The cover photograph shows Elvis with light-brown hair, circa 1956. That, says Bobbie Ann Mason, is “the Elvis we all want to remember.”
And Mason helps us remember. She is a southerner, an Elvis fan since her teens, a writer whose words have earned countless honors and been among the finalists for a Pulitzer. Though she never denies Elvis’ recklessness or sugar-coats his self-destructive behavior, Mason does offer a sympathetic perspective. She knows firsthand where he came from.
It is impossible to separate Presley’s life and career from his southernness. When he traveled, he simply packed up the south — in the form of his family members and entourage of friends — and took it with him. To Las Vegas, to Hollywood, to Bad Nauheim, Germany.
His poor southern upbringing enabled him to identify both socially and musically with black culture. It prompted a fearful obsession with religion and spirituality. It probably explains his decision to haul poultry in the back of a yellow Fleetwood Cadillac. And it certainly sheds light on his subservient relationship with Colonel Tom Parker, who was bent on controlling both his personal and professional life.
But before Presley’s own life began to consume him — before the death of his mother, the horrific movies, the illicit relationships, the amphetamines and depressants — there were idyllic days in Memphis. In fact, while writing this book, Mason spent two weeks living in the brick ranch house Elvis purchased for his parents on Audubon Street.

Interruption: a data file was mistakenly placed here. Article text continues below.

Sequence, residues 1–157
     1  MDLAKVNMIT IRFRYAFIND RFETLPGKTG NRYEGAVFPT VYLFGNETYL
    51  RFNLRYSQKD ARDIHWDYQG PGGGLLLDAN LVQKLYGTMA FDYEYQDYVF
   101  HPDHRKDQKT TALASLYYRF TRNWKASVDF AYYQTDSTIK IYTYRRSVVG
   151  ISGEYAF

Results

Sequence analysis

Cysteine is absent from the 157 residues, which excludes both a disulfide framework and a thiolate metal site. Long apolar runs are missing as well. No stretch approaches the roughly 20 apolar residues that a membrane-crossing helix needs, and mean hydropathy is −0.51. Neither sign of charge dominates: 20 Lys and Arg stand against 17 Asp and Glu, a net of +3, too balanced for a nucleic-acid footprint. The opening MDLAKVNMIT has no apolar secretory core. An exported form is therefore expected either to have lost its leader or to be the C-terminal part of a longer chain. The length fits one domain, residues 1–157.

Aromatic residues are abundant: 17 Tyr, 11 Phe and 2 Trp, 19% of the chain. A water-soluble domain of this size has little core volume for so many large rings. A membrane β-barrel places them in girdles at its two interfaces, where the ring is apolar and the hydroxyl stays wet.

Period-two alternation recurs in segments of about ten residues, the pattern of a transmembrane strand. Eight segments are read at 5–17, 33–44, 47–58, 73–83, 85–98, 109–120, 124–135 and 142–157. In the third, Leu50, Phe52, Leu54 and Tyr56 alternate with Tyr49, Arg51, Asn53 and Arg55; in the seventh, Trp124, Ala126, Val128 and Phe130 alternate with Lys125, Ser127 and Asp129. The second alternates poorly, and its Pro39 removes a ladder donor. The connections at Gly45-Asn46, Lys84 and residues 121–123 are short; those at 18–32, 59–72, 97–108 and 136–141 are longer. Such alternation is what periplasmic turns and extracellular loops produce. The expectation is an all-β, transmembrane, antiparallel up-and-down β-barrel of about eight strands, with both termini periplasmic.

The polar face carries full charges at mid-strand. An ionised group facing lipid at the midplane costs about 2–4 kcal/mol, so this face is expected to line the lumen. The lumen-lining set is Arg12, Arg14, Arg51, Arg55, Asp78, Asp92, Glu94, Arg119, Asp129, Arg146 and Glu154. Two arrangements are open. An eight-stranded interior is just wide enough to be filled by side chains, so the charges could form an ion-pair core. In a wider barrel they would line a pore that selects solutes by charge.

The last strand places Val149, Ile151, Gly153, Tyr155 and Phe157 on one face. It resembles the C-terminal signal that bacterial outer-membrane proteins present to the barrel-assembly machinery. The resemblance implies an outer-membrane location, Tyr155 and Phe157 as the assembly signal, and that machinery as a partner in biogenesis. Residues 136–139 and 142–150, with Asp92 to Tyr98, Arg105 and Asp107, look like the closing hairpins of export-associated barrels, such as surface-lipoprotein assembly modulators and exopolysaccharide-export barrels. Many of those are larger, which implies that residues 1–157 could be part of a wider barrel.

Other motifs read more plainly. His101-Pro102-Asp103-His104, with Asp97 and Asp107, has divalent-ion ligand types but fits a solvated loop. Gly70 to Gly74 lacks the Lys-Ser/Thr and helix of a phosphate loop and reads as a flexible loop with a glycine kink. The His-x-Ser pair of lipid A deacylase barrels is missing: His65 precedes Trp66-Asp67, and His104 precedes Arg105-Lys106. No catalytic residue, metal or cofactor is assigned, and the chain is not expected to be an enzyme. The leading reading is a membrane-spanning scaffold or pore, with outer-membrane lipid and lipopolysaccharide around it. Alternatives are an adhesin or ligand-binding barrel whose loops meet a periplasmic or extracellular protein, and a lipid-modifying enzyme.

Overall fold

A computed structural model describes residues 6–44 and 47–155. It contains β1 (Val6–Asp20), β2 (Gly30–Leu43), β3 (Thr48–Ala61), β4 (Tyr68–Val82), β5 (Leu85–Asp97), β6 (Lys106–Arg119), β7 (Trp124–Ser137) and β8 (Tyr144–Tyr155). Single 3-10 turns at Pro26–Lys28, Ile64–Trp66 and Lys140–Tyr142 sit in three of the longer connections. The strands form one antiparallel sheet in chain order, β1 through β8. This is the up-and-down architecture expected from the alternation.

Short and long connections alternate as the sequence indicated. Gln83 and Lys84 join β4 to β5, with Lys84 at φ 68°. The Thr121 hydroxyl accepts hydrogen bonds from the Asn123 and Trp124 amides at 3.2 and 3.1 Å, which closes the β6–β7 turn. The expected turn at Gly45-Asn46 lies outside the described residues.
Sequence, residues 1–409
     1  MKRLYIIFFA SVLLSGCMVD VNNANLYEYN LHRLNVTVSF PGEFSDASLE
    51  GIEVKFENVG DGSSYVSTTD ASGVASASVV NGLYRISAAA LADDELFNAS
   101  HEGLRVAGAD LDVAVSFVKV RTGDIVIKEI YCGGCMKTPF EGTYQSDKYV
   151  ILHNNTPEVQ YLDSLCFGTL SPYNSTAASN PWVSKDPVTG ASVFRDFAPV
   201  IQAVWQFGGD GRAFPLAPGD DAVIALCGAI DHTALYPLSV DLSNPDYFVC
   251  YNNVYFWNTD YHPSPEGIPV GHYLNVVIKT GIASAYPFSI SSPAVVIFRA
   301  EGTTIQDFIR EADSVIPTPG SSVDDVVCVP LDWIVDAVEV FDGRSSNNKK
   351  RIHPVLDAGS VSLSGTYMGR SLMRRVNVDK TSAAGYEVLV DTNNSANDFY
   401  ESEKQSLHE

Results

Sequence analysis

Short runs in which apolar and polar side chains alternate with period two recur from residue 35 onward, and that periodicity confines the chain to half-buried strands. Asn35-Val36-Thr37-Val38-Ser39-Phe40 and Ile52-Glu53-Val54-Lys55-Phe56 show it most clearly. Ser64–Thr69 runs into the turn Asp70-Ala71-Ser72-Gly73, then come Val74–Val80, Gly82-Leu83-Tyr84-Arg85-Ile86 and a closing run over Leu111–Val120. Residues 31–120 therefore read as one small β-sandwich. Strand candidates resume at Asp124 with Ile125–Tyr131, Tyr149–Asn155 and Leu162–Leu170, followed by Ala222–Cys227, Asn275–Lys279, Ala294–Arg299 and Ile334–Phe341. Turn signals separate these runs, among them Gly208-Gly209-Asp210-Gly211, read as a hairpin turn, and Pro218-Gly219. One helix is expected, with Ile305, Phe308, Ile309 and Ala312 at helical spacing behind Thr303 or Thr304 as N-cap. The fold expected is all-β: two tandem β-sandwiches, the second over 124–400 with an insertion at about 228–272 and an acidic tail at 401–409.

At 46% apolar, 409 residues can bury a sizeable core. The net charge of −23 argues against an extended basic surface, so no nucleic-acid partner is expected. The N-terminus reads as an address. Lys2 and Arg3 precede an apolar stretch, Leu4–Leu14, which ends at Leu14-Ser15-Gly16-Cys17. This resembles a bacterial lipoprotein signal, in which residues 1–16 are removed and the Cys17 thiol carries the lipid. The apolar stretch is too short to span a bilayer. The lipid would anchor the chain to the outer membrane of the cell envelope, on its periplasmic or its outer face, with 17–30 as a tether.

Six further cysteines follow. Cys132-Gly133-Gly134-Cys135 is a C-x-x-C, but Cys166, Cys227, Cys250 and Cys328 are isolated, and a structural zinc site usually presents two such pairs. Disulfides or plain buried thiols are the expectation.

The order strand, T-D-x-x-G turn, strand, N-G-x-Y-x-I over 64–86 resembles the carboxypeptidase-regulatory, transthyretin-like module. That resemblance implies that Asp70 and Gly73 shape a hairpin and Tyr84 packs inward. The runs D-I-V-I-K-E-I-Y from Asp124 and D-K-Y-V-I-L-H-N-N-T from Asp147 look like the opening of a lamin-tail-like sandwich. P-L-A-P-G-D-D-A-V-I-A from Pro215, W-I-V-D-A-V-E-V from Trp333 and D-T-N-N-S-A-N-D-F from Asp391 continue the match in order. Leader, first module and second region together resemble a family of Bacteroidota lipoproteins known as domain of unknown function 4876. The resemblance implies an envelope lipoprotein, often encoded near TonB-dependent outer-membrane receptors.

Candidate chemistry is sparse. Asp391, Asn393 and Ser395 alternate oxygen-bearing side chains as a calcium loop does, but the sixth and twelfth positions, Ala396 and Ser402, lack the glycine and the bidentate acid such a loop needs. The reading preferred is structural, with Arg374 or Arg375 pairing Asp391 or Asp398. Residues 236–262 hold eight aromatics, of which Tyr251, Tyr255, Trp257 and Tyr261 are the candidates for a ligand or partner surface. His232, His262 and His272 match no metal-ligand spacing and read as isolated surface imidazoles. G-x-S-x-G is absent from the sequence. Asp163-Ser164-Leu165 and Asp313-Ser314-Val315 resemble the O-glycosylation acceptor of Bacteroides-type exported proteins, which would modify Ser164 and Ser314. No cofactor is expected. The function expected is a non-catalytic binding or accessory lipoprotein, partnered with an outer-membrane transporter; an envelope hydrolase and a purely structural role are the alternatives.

The ties of kinship and family were strong — some might say unnaturally so — and Elvis’ soul ached any time they were severed. Even Jesse Garon, his stillborn twin, may have contributed to his destiny, Mason suggests: “His sensitivity to sound and rhythm went back all the way through his life — perhaps even to the womb, to the extra heartbeat he heard as his mother’s blood pumped through him. Perhaps that echo was always with him, the sound of his twin’s heartbeat and womb thrashings. He began his life with a backbeat.”
Presley’s musical star may have risen on Audubon Street in the mid-1950s, but it reached its zenith at Graceland. And there, too, it began its steady decline. Mason borrows from a variety of memoirs, biographies and personal interviews — as well as Peter Guralnick’s authoritative work — to paint a picture of a young man struggling to find his identity.
And once he finds it, he has no clue how to escape his own grasp. In the late ’60s, there’s a fleeting sensation of hope as Elvis shakes off a decade of stagnation and once more pours his creative energy into performing. But it’s not enough. We already know how the story ends.
At 169 pages, the book is short. And to see Elvis’ entire life unfold in one or two sittings is a powerful reminder that he lived it nearly that quickly. Through it all, Mason has a writer’s eye for peculiar detail: Elvis was wearing pink pants and a lace shirt when he first met Scotty Moore, before they recorded “That’s All Right” in the summer of 1954. Gladys Presley preferred Schlitz beer and caught a 50-pound jackfish in July of ’56. Elvis saw a cloud shaped like Joseph Stalin in March of ’65. When Mason describes a hamburger from Dudie’s Diner, you feel a strong urge to wipe your chin with a paper napkin.